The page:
The best reason to oppose pork-barrel projects that benefit a member of Congress' home state or district is that such projects are often unconstitutional. And even pork that may be constitutional is often unwise or wasteful.
But when discussions of ending pork-barrel projects come up, someone always argues that compared with the entire federal budget, that spending is quite small.
They're correct so far as they go: Misguided federal spending on strictly local things such as a city's sidewalks or an entertainment venue clearly does not equal what our nation spends on back-breaking entitlements or on national defense.
But economist and syndicated columnist Thomas Sowell observes that the real price of pork can be much higher than just the cumulative cost of the projects in question.
Here is what he wrote recently: "An e-mail from a perceptive reader points out that, although congressional 'earmarks' represent a very small part of federal spending, they can be used as bribes to buy the votes of members of Congress on bills involving the spending of vastly larger sums of the taxpayers' money."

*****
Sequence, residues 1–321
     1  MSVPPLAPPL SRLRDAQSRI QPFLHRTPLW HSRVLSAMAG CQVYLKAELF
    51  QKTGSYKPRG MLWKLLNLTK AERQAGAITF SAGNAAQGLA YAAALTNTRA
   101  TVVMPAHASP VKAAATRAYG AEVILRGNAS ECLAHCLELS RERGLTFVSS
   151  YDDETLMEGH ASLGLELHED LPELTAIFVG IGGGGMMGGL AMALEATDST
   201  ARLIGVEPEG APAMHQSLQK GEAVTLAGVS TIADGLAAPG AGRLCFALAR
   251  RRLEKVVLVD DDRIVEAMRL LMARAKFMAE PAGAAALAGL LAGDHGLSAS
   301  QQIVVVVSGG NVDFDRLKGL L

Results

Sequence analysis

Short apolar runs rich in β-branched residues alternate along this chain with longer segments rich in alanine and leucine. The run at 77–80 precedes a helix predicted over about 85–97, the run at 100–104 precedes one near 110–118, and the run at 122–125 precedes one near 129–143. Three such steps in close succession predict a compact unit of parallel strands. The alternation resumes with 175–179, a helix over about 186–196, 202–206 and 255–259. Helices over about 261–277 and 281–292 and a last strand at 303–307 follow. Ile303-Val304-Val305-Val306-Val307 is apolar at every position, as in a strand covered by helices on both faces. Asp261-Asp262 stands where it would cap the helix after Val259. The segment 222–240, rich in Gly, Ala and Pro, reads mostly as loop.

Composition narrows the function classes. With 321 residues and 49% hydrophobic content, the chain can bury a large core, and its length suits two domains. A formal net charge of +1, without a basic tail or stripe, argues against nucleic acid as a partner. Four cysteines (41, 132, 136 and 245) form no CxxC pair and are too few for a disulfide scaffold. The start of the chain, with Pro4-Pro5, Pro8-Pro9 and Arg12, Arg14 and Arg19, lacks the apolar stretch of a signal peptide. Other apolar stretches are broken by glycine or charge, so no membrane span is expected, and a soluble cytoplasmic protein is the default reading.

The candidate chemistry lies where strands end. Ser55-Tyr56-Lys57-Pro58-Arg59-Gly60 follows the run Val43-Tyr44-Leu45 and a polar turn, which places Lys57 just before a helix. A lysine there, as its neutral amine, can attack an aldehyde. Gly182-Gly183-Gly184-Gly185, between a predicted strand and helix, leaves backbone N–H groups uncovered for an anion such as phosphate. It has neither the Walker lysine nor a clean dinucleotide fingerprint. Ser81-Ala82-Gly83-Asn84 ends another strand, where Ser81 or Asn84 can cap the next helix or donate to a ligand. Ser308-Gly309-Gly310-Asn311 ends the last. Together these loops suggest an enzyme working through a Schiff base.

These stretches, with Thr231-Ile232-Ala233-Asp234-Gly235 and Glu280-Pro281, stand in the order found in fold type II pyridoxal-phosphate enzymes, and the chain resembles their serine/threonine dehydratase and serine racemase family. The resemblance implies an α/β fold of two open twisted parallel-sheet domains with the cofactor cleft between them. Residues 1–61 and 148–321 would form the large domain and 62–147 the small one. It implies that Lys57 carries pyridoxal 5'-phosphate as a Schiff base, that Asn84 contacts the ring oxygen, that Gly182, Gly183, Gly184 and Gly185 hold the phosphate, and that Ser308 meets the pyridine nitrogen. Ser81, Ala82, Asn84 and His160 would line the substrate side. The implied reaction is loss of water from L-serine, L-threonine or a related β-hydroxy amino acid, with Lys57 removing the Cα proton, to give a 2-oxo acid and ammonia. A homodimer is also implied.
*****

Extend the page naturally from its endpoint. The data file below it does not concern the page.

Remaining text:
For instance, an unethical lawmaker may seek an earmark for a bit of spending to please a special interest, and in turn the special interest may "reward" the lawmaker with a campaign donation in expectation of a vote for some other legislation that is far more expensive - and not necessarily in the national interest.
So pork-barrel spending is wrong not only in principle but in practical economics.